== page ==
Marsh & McLennan Companies joined with the World Economic Forum and other partners to write the 2017 Global Risk Report, an insightful analysis of the risks facing the world after a tumultuous political year. Mercer explores the future of work and the need for employers to step in and fill the gap in social protection systems in chapter 2.3 of the report.
The Fourth Industrial Revolution is threatening to bring the evolution of social protection systems full circle: severely underfunded state social systems are at a breaking point, employers are backing away from traditional employment models and social protection contributions, and individuals once again are shouldering a larger share of the risks. As longevity trends continue to increase and the threat of the automation of jobs becomes very real, the sharing of this risk needs careful rebalancing in order to minimise potential human suffering.
The Future of Work and Other Challenges Impacting Social Protection
The Fourth Industrial Revolution is fundamentally changing the ways that people work and live in three main ways. First, it is untethering some types of work from a physical location, making it easier to remotely connect workers in one region or country to jobs in another – but also making it less clear which set of employment laws and taxes apply, creating greater global competition for workers, potentially weakening employment protections and draining public social protection coffers.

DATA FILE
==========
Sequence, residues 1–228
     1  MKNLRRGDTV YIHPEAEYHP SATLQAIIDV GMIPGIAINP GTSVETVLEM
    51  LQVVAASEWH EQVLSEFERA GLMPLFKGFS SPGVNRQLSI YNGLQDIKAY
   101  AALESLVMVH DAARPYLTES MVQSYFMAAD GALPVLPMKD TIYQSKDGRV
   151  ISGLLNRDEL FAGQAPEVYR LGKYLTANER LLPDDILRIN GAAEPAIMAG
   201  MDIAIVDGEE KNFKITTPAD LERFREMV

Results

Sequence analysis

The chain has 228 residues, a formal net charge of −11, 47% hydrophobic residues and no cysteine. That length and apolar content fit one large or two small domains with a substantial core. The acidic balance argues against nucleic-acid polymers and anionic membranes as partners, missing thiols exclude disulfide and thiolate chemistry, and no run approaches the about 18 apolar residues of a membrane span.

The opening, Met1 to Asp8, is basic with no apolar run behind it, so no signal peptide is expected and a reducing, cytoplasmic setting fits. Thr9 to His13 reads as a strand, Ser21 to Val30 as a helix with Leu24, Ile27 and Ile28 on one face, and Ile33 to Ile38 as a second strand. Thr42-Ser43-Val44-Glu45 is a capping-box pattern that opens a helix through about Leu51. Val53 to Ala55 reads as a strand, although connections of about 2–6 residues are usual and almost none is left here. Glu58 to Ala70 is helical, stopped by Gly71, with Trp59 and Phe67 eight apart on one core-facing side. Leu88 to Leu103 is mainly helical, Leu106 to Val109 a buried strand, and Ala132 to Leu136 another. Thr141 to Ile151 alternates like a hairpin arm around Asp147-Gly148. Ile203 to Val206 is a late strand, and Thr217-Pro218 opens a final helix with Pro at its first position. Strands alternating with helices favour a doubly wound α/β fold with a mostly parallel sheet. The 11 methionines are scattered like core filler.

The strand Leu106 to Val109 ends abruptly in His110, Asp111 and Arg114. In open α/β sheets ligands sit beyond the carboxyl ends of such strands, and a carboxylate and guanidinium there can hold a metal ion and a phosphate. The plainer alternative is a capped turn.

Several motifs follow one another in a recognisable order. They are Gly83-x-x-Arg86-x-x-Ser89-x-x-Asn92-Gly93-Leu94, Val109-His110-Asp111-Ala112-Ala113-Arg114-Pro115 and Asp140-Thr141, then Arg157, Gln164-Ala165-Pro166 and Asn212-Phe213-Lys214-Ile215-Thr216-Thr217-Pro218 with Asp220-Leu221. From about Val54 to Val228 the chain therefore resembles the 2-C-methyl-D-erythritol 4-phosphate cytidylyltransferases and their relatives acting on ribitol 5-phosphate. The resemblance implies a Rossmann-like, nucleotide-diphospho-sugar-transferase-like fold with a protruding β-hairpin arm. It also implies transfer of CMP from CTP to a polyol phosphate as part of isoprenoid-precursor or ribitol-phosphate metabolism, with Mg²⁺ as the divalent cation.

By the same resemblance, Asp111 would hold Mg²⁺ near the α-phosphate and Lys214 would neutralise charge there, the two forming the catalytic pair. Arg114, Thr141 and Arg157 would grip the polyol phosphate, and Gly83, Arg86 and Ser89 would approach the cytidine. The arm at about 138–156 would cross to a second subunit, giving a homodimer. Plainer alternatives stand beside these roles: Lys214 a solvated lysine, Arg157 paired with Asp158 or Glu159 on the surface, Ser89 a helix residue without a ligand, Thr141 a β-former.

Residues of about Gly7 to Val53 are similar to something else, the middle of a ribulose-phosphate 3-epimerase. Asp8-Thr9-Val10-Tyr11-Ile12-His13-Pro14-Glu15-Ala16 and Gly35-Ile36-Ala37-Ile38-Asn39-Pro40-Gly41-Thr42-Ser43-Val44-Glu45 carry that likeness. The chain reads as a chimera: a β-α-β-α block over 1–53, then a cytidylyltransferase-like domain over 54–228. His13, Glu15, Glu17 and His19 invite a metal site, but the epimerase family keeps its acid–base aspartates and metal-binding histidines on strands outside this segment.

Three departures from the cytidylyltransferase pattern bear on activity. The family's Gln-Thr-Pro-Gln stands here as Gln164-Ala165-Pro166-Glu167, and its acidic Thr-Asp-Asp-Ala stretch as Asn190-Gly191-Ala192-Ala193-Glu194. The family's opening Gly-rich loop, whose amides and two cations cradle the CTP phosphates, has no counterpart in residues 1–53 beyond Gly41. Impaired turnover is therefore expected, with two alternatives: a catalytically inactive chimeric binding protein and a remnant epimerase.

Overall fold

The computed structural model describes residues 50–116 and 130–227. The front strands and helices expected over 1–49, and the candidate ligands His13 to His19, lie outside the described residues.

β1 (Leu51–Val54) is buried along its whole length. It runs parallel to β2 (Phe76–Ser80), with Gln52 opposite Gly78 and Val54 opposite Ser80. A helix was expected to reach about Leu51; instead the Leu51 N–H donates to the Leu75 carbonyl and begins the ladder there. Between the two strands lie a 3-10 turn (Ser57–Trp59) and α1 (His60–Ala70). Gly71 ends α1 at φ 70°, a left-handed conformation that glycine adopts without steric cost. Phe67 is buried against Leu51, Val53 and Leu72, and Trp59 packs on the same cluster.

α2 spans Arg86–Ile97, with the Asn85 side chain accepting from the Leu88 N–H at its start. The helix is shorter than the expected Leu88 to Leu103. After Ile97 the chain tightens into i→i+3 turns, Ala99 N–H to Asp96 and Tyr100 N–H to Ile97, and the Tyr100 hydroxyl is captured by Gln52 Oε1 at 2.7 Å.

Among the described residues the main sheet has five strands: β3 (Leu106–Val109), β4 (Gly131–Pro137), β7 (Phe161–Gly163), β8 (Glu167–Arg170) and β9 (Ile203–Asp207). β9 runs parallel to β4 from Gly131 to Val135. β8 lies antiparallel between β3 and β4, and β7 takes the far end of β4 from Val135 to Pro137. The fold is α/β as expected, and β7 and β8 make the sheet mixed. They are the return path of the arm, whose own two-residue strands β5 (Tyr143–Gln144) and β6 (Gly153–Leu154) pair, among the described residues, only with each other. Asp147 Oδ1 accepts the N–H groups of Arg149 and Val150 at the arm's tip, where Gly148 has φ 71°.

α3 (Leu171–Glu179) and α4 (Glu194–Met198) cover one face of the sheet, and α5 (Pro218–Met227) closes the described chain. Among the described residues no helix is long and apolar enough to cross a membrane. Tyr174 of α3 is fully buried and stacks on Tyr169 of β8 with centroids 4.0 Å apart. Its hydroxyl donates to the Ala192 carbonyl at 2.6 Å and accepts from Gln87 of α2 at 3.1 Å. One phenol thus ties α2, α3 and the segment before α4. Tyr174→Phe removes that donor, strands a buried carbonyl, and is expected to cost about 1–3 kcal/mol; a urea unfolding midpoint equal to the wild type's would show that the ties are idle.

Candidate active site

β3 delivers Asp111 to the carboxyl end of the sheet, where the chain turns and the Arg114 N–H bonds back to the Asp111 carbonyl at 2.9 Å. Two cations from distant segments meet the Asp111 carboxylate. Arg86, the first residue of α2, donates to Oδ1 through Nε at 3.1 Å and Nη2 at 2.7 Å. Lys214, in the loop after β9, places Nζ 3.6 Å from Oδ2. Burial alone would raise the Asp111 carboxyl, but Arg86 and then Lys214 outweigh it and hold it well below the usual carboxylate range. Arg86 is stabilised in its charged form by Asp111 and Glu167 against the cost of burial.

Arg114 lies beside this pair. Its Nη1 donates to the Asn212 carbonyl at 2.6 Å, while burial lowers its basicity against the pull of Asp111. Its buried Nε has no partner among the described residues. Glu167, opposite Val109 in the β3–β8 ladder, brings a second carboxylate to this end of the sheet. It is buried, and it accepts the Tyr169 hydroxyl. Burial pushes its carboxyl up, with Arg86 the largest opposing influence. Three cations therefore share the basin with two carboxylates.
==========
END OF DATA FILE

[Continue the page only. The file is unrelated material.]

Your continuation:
Second, human labour is being displaced by automation, robotics and artificial intelligence. Opinions differ on the extent of what is possible: Frey and Osborne’s (2013) study found that 47% of US employment is at high risk of being automated over the next two decades, while a 2016 study of 21 Organisation for Economic Co-operation and Development (OECD) countries, using a different methodology, concluded that only 9% of jobs are automatable. In general, lower-skilled workers are more likely to see their jobs disappear to automation, increasing their vulnerability and exacerbating societal inequality.
Finally, the nature of the contract between employer and employee is changing, at the same time that the move to a sharing and collaborative economy increases the prevalence of jobs that fall outside the standard employment contract model. The shift has some positive implications for workers, as it potentially offers more control over when and whether to work and opportunities to supplement their incomes – renting out a room through Airbnb, for example, or driving part-time for a service such as Uber.
But this shift also has negative implications: it means workers can expect more volatility in their earnings and leaves them without the employment protections enjoyed by“standard” employees.
Read the complete chapter on pp. 35-39 of the 2017 Global Risk Report